The goal of this study is to address gaps in knowledge about tiered pricing and develop policy options for Minnesota state policymakers regarding the use of quality information. The applicants will conduct an analysis of the Minnesota State Employees Group Health Insurance Plan (SEGIP), which assigns primary care clinics to one of four tiers based on their risk-adjusted total annual per capita cost of care. They will examine consumer and provider perspectives through the following research questions:
To what extent is the two-fold difference in total annual per capita risk-adjusted cost across the four tiers due to unit prices versus quantity of service?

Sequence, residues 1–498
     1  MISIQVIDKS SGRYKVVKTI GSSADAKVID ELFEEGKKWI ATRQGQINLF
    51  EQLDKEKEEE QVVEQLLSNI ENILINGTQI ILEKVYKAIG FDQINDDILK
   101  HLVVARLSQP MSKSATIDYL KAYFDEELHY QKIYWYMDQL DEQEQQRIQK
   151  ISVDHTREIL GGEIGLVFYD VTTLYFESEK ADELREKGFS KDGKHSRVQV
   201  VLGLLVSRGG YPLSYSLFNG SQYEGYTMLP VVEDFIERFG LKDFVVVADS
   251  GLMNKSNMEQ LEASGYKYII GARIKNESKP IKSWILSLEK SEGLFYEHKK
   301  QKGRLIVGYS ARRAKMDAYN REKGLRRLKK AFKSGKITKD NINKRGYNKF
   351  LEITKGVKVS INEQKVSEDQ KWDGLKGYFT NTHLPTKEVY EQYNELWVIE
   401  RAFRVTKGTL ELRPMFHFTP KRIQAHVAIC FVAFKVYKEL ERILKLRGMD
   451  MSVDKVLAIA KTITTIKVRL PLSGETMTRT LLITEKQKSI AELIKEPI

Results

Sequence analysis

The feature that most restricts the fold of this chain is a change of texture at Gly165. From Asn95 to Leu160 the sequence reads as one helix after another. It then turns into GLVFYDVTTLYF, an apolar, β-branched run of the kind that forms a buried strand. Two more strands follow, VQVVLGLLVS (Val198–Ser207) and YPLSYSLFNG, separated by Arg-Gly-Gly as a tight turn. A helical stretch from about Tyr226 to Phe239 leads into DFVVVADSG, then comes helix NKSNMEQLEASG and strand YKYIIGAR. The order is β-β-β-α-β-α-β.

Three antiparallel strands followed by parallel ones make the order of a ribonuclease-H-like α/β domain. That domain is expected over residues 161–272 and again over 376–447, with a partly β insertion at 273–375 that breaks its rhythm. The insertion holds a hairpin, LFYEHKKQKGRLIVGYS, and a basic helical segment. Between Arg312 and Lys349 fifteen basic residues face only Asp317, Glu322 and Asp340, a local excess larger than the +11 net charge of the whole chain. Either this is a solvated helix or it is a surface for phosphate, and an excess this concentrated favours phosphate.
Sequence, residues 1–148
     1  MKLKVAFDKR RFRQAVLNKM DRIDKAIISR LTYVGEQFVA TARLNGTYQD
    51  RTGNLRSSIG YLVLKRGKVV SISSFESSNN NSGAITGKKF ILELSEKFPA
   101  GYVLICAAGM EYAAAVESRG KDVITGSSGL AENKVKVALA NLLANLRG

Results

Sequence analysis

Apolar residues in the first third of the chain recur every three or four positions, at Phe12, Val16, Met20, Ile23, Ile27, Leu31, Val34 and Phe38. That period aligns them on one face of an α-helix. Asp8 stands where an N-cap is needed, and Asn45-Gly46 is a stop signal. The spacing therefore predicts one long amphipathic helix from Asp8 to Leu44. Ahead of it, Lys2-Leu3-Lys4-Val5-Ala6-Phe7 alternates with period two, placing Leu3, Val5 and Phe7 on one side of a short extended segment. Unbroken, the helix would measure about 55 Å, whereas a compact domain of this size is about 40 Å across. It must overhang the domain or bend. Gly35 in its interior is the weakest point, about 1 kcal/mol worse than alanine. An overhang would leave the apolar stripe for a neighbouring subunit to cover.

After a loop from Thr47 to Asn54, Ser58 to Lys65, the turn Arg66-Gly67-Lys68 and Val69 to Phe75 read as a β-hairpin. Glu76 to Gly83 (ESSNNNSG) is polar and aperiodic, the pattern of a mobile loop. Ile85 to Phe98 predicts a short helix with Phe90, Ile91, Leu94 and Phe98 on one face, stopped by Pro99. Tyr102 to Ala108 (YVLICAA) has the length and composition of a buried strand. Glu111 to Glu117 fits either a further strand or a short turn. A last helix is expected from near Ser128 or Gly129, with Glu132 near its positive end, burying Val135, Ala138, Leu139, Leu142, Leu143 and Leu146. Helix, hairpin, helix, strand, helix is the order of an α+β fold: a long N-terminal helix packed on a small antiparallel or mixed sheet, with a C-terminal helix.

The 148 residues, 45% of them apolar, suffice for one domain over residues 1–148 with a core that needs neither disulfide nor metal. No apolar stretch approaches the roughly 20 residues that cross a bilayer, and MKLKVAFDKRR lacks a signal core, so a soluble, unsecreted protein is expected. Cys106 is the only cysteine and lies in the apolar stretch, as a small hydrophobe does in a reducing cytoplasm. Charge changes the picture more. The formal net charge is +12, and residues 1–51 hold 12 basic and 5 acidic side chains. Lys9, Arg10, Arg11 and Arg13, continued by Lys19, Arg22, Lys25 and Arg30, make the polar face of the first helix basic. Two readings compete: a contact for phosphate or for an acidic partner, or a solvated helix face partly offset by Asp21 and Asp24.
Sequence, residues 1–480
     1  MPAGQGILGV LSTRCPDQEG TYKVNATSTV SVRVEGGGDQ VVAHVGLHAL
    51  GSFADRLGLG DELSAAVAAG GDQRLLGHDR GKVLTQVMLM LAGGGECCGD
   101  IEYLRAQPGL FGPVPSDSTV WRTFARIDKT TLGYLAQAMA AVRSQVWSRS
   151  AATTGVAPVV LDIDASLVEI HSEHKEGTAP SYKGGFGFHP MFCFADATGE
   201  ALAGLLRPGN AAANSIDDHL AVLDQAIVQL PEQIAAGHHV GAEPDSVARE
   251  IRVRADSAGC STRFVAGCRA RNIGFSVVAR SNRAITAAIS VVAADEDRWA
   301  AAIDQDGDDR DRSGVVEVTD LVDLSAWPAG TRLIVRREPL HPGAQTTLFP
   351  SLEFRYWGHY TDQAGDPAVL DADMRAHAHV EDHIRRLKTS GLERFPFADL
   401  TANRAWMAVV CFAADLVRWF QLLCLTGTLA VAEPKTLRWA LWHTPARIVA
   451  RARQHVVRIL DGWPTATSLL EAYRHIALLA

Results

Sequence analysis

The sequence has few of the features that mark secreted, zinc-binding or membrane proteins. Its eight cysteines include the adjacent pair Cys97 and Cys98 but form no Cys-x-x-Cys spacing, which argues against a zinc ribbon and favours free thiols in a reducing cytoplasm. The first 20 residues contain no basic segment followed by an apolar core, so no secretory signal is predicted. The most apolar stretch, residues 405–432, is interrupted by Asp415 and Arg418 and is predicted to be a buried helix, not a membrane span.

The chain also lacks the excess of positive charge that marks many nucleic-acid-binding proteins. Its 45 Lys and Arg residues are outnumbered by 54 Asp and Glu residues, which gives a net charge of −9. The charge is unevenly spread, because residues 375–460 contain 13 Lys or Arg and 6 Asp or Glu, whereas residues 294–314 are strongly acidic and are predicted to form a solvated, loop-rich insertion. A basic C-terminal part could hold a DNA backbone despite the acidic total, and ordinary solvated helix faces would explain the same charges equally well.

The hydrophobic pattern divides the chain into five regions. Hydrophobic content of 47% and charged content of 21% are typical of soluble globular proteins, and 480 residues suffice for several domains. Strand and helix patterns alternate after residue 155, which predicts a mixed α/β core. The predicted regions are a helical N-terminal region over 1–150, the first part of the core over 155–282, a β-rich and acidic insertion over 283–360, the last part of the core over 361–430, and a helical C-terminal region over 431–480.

To what degree are differences in total cost across tiers explained by measures of avoidable utilization?
What is the pure tier effect (cost-sharing) on total cost?
How sensitive is the choice of clinic to tier-related cost-sharing differentials?
To what extent does “loyalty” at the clinic and physician level attenuate the price-sensitivity of clinic choice?
How do clinics respond to being placed in cost-sharing tiers?
How should data on clinic quality of care be incorporated into a tiered cost-sharing system?
The State Health Access Data Assistance Center (SHADAC) is a program of the Robert Wood Johnson Foundation and a part of the Health Policy and Management Division of the School of Public Health at the University of Minnesota.